He turned and shuffled away.
“And don’t steal anything!” she called out.
“I won’t!” he replied and walked through the wall.
“Is he… Virginia’s?” Frederica asked.
“Barely,” Gertrude said. “At this point he’s been with me longer than he was ever with her. I’ve spent most of that time trying to repair the damage she did. So the last thing either of us need is to get dragged back into one of her messes.”
“I get that,” Frederica said, nodding. “I’m trying to protect the people I care about, too. But if there’s really nothing you can do….”
“There really isn’t,” Gertrude said. “Sorry.”
Frederica shrugged and looked into Gertrude’s eyes, probing for anything relating to Virginia. Her memories were clouded with anger—Frederica saw every argument the two sisters had ever had, but little else.
“Thanks anyway,” Frederica replied.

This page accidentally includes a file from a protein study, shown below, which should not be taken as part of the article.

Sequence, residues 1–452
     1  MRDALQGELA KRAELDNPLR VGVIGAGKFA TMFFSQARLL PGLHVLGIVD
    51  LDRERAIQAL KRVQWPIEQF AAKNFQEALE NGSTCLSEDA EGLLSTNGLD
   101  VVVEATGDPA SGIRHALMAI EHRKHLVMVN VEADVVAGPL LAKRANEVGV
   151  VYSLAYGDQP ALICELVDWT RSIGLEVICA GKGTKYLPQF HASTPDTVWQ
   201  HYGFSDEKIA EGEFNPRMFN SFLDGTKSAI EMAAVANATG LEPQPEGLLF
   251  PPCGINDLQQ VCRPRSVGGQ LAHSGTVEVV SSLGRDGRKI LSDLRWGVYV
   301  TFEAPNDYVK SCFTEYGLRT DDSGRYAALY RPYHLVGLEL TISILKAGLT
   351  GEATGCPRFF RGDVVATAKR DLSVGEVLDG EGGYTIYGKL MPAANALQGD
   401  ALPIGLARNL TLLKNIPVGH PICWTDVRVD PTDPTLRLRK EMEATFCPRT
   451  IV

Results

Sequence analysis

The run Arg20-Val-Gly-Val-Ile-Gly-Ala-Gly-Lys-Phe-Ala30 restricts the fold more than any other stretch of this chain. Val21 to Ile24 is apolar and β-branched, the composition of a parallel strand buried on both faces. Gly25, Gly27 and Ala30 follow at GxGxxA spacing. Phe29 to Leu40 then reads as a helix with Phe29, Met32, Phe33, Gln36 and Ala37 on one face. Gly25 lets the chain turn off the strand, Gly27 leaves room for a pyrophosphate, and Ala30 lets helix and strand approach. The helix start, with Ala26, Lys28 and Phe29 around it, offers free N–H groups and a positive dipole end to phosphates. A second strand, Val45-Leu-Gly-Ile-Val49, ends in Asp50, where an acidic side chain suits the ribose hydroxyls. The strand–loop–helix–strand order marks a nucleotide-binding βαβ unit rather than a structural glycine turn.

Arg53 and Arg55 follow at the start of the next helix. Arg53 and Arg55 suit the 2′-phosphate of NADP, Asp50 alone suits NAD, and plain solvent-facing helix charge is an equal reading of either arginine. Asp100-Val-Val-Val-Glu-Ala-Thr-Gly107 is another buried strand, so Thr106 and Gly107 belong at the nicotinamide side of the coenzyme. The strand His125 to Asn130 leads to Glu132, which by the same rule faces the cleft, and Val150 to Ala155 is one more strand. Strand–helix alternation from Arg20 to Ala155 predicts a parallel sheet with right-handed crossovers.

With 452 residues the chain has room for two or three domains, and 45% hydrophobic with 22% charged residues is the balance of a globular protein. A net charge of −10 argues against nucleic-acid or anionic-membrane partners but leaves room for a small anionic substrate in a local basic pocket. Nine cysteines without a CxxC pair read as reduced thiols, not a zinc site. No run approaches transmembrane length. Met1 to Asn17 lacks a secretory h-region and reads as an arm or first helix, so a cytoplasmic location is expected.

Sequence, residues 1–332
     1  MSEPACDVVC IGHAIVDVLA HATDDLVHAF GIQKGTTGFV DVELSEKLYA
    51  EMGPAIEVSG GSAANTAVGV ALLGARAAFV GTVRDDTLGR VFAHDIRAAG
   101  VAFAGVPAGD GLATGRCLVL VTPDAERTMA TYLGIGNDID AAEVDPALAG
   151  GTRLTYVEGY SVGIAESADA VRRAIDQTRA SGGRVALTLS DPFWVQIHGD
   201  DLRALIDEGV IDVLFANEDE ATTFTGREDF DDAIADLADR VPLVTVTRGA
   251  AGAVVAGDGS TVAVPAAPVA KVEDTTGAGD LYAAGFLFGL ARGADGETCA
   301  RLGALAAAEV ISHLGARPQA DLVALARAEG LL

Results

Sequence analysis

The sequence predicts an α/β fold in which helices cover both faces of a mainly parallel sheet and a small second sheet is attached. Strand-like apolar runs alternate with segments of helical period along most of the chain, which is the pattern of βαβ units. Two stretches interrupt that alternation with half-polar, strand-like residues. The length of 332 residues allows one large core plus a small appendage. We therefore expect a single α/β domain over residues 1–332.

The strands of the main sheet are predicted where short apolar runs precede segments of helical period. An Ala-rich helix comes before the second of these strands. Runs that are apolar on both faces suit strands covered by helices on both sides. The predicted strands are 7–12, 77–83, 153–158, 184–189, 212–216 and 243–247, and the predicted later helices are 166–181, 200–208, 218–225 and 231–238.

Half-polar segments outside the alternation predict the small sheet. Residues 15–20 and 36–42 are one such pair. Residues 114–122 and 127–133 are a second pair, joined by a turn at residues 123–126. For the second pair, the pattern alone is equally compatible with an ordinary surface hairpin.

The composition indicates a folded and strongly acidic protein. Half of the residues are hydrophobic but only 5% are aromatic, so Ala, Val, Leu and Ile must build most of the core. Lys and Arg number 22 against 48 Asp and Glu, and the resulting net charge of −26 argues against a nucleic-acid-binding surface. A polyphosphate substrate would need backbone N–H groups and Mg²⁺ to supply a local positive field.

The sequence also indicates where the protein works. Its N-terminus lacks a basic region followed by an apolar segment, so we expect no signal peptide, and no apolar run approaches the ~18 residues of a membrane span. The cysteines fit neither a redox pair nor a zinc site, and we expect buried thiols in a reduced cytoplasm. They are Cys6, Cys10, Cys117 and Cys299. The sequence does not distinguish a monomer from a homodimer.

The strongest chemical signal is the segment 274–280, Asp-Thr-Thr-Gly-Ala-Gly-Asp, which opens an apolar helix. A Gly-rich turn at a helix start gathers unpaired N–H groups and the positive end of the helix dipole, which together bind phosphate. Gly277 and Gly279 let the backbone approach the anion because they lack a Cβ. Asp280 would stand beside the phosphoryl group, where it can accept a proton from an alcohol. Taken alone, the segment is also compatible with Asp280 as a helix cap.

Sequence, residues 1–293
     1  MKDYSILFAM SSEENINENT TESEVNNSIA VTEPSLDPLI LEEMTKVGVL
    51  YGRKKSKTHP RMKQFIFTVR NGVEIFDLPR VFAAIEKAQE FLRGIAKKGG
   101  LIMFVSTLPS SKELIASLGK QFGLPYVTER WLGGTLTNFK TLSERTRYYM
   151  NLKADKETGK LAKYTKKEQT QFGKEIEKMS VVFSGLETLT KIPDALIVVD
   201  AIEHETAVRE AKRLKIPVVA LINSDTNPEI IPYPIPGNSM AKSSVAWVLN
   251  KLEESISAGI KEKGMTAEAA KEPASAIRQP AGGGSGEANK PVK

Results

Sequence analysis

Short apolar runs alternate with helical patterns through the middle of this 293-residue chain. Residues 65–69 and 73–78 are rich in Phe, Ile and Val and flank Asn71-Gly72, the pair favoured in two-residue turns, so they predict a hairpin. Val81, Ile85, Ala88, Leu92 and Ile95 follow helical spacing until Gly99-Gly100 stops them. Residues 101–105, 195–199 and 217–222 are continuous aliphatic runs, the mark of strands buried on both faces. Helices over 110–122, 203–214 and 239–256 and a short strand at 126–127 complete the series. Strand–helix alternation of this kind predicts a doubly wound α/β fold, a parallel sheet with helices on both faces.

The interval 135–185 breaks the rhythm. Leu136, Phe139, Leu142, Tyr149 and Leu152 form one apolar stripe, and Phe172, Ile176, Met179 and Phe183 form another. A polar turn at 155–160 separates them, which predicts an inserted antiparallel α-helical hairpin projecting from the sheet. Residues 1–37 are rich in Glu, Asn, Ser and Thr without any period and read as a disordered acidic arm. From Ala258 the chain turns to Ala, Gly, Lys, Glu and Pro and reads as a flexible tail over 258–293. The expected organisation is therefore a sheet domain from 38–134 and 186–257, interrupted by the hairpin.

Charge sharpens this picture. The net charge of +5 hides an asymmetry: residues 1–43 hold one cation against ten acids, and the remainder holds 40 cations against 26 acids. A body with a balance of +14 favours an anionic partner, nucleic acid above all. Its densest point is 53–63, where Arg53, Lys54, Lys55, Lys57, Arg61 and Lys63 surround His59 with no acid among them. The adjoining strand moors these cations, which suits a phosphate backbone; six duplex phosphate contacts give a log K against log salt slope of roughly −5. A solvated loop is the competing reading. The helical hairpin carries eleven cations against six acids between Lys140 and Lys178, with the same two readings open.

“How much do I owe you?” Tommy asked, taking out his wallet.
Gertrude shook her head.
“Just don’t come back and I’ll call us even,” she said.
“Fair enough,” he said.
He climbed behind the wheel. Frederica hesitated and joined him. Gertrude turned away without another word. Tommy backed out of the garage and merged with traffic.
“Well, that could’ve gone better,” he said. “Sorry I couldn’t be much help in there.”
“No, you were great,” Frederica said. “I’m surprised you got her to open up as much as you did. But I don’t think we were ever going to get much useful out of her. Sorry I wasted your time.”
“Nah, it was fun,” he said, smiling.
She chuckled, and they drove on in silence for a while.
“Why were you asking about my mom?”
Virginia’s son popped up in the backseat, right between their shoulders.
“Holy shit!” Tommy screamed, and slammed on the brakes.